Fifty Sounds (Paperback)
  • Fifty Sounds (Paperback)
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Fifty Sounds (Paperback)

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£12.99
Paperback 360 Pages
Published: 14/04/2021
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Why Japan? In Fifty Sounds, winner of the 2019 Fitzcarraldo Editions Essay Prize, Polly Barton attempts to exhaust her obsession with the country she moved to at the age of 21, before eventually becoming a literary translator. From min-min, the sound of air screaming, to jin-jin, the sound of being touched for the very first time, from hi'sori, the sound of harbouring masochist tendencies, to mote-mote, the sound of becoming a small-town movie star, Fifty Sounds is a personal dictionary of the Japanese language, recounting her life as an outsider in Japan. Irreverent, humane, witty and wise, Fifty Sounds is an exceptional debut about the quietly revolutionary act of learning, speaking, and living in another language.

Publisher: Fitzcarraldo Editions
ISBN: 9781913097509
Number of pages: 360
Dimensions: 197 x 125 mm


MEDIA REVIEWS

‘Witty, exuberant, also melancholy, and crowded with intelligence – Fifty Sounds is so much fun to read. Barton has written an essay that is also an argument that is also a prose poem. Let’s call it a slant adventure story, whose hero is equipped only with high spirits, and a ragtag band of phonemes.’ —  Rivka Galchen, author of Everyone Knows Your Mother Is a Witch

‘This book: a portrait of a young woman as language-learner, as becoming-translator, as becoming-writer, in restless search of her life. It is about non-understanding, not-knowing, vulnerability, harming and hurt; it is also about reaching for others, transformative encounters, unexpected intimacies, and testing forms of love. It is a whole education. It is extraordinary. I was completely bowled over by it.’  — Kate Briggs, author of This Little Art  

‘It seems fitting, somehow, that this marvelous study of the expansiveness and precarity of human communication is so woefully ill-served by a literal description of its contents. As in all great works of genreless nonfiction, all of the subjects Fifty Sounds is putatively “about” – Japan, translation, the philosophy of language – are inspired pretexts for the broad-spectrum exercise of an associatively vital and thrillingly companionable mind. This is a gracious, surprising, and very funny debut from a writer of alarming talent.’ — Gideon Lewis-Kraus, author of A Sense of Direction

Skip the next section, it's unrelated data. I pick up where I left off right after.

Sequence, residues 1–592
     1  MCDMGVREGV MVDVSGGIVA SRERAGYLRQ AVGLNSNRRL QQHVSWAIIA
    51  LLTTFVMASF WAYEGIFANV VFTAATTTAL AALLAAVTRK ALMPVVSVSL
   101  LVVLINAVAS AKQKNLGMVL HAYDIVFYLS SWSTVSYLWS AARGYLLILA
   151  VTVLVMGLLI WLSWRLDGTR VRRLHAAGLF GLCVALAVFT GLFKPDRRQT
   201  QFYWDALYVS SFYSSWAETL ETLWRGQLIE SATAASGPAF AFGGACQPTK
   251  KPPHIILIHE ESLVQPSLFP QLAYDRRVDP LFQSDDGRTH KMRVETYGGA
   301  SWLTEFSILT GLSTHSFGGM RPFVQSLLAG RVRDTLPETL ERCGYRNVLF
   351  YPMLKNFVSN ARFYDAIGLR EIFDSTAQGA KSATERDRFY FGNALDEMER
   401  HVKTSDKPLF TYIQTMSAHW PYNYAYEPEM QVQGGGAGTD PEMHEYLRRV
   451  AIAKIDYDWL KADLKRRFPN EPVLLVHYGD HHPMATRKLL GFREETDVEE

‘Fifty Sounds explodes the redundancy of the phrase “I’m learning a language,” showing us that the experience is more akin to relearning reality and who we are in it. Barton writes of being “souped” in the sounds of speech and a new place, but also in what is not said or written. She beautifully recreates the monumental intuition and exposure required to immerse oneself in a new mode of living, and the quantum levels of attention required to translate literature. It chimes and charms, a resounding wonder about identity, communication and love.’  — Jen Calleja, author of That’s All We Have Time For

‘Polly Barton is a brilliant, learned and daring writer and Fifty Sounds is a magnificent book. Through her eddying philosophical vignettes, Barton creates a unified work of extraordinary wisdom and vitality.’ — Joanna Kavenna, author of Zed

‘I loved this book and learned a lot from it, especially about subjects I thought I knew about – place, displacement, language-doubles and the double-selves we have when we move between our languages. It’s not just just that it’s winningly-written, insightful and formally exciting, though that would be enough. It’s that it’s genuinely gripping: forthright, inventive, personal, and fizzing with ideas.’ — Patrick McGuinness, author of Other People’s Countries

‘Learning a language through immersion means learning with the tips of your fingers and the back of your neck; with stubbed toes and goosebumps. It’s exhausting and humiliating and exhilarating, and it makes you do things you don’t want to do, become versions of yourself you don’t expect or particularly want to become, on your way to finding some order in the chaos, the voices in the noise. In its richness, its honesty…Fifty Sounds is both a record of that struggle and its ultimate product.’ — Max Norman, The National

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“A beautiful, honest and relatable collection of essays on learning a new language and moving across continents”

I have been in a massive non-fiction slump this past year, constantly seeing (sometimes buying) books I know I'd love and then just picking up a novel because it's easier.

I'm so glad I actually... More

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